USAF tables revised long-range radar plan

The US Air Force programme to provide a new ground-based, long-range radar system is moving forward with a revised acquisition strategy.
The Three-Dimensional Expeditionary Long-Range Radar (3DELRR) will be the principal US Air Force long-range, ground-based sensor for detecting, identifying, tracking, and reporting aircraft and missiles in support of theatre commanders. It will replace the current Air Force radar, the TPS-75.
“A combination of several factors, including a somewhat atypical acquisition strategy and the US budget crisis, led to the change,” said Lt. Col. Brian McDonald, 3DELRR programme manager at a recent industry day to explain the latest draft request for proposals.
A September 2007 memorandum from John Young, then the acting undersecretary of Defense for Acquisition, Technology, and Logistics, encouraged competitive prototyping up to Milestone B. Originally, the 3DELRR Programme had been planning to award to a single contractor prior to Milestone B.
“We modified the strategy to further leverage competition to look at needed capability, different approaches to delivering that capability and doing so in the most affordable manner,” McDonald said.
During the industry day briefing, he also showed how the programme budget had been reduced in the Fiscal Year 2013 President’s Budget by approximately $80 million over the next five years compared to the 2012 budget.
McDonald cited industry offerings as a third factor.
Now, up to three contracts may be awarded as an outcome of the upcoming full and open competition to complete the Technology Development Phase, referred to as the Pre-Engineering and Manufacturing Development (Pre-EMD) period. The 3DELRR source selection will use the lowest price technically acceptable approach, which is also a significant change.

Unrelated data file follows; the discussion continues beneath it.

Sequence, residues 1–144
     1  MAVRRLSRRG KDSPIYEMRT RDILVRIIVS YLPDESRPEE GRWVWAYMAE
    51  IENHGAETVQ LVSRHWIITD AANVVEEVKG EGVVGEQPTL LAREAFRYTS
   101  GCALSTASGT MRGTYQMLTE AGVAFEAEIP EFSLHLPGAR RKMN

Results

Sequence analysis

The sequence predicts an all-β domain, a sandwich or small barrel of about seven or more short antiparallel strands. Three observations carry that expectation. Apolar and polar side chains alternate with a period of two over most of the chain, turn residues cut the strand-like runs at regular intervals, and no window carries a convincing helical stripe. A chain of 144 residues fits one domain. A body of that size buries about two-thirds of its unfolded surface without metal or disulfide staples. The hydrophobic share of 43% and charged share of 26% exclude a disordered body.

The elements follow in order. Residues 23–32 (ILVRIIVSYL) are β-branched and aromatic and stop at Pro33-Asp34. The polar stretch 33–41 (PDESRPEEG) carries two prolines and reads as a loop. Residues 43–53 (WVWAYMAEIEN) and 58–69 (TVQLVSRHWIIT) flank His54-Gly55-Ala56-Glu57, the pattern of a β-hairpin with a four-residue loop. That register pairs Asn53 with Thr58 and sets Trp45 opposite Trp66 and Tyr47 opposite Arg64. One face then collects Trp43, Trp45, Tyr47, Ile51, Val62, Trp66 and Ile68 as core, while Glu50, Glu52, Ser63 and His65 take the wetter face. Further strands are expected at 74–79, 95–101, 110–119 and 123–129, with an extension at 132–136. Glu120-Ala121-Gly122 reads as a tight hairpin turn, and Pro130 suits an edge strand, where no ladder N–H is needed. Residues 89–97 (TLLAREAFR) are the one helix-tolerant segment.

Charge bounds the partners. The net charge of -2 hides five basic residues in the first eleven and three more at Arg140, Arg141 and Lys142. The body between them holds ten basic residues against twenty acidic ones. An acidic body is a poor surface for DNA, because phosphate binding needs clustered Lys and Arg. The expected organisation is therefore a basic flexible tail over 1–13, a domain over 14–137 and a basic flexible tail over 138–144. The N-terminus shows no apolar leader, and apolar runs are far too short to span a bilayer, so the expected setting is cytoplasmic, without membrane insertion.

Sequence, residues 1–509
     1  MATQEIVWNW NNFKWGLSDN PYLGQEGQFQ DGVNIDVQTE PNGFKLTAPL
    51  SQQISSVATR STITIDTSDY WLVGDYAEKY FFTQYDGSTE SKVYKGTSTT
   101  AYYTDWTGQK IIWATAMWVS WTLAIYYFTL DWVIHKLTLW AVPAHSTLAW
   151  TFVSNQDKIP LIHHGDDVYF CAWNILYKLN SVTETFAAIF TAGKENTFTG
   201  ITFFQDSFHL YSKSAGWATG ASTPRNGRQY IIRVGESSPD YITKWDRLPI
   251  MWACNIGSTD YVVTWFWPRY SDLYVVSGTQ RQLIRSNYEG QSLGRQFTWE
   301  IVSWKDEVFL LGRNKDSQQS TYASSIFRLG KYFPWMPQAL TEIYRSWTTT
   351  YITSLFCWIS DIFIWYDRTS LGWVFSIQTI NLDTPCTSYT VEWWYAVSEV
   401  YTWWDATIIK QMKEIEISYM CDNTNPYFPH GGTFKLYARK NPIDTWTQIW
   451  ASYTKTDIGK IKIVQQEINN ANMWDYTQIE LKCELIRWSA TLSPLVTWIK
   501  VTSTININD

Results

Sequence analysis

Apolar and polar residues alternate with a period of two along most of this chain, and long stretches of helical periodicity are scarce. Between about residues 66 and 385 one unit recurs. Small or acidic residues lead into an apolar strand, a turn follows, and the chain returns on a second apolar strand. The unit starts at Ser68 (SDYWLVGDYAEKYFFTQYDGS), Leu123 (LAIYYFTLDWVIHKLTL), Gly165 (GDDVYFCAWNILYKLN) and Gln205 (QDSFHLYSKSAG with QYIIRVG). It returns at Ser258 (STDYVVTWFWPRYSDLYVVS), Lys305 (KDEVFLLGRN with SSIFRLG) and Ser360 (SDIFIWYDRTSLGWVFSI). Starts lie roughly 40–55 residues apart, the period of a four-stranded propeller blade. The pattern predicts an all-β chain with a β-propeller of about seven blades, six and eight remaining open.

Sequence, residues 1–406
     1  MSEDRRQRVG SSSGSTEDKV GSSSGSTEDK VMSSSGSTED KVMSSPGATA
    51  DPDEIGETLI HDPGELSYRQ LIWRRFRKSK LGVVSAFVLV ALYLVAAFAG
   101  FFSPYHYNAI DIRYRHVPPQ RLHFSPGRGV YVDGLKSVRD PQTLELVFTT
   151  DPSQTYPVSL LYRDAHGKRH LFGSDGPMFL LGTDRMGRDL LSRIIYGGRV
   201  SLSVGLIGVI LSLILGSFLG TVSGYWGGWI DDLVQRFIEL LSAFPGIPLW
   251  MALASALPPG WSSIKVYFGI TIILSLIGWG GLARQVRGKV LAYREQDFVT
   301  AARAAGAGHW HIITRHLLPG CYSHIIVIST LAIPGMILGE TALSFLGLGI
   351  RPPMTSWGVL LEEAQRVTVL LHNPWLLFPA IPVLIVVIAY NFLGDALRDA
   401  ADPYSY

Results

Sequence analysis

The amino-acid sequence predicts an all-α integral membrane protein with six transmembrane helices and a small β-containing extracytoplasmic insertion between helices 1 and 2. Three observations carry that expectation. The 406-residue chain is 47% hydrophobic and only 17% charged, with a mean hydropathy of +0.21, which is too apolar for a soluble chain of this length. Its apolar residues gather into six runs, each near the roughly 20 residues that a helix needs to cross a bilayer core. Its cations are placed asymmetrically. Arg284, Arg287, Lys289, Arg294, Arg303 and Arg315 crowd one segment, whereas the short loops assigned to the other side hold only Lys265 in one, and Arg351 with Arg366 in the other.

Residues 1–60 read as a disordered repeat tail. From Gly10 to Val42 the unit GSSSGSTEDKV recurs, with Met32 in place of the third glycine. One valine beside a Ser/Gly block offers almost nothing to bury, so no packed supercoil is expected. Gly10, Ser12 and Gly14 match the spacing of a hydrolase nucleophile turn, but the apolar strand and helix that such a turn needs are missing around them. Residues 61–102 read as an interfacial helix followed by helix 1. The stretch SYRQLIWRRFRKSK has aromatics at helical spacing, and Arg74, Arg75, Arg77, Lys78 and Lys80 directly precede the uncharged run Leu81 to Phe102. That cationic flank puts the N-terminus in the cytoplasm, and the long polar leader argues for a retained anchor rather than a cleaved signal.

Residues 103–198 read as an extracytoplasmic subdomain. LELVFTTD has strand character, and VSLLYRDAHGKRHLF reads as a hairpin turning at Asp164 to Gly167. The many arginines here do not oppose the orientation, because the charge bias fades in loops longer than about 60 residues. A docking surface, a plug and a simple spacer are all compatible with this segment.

“Competitive offerors must be at the same maturity level as the government has attained on this programme,” said McDonald. “We do not want to turn back the clock. We want to move forward from the government investment to date.”
In addition, fixed price contracts, including Firm Fixed-Price and/or Fixed-Price Incentive Firm, are planned for the Pre-EMD, EMD, and low rate initial production phases from what was once a cost plus incentive fee approach.
The revised strategy includes a minimum of three full and open competitions to reach full operational capability. McDonald pointed to the third competition that will award scope beyond Milestone B to a single contractor.
“There will be much activity, in parallel, leading up to Milestone B,” explained McDonald. “We will need a strong, crisp effort by industry on these contracts while the programme office simultaneously conducts the next source selection and prepares for Milestone B.”
One change that McDonald emphasized was the early examination of cost versus capability trade-offs. While there has been no change in the 3DELRR requirements since Technical Requirement Documents Revision D was posted in October 2011, McDonald explained the plan to issue a new revision, during the period of performance, against which successful bidders would produce their preliminary designs.
“We need to look closely at cost versus capability,” he said. “The first contractual activity is to complete detailed analyses of top cost drivers to see how cost varies as capability is incremented. Are there relatively large cost savings to be gained by relatively small reductions in capability and, if so, what’s the risk?”
McDonald discussed how the acquisition community and operational community will then come together to set 3DELRR requirements.
The 3DELRR program has also been selected as a ‘designated system’ to participate in the Defense Exportability Features Pilot Programme, to potentially increase sales and lower production costs.
The 3DELRR Programme Office is planning for a Defense Acquisition Board in late April and, if approved, anticipates release of the final RFP in May. Currently, the programme office expects to award the contracts, totaling approximately $108 million, by late August.
“No one is immune from the budget crisis,” said McDonald. “This acquisition strategy is our response. Now, we need strong industry performance to offer the most affordable solution that provides this needed capability to our warfighters.”

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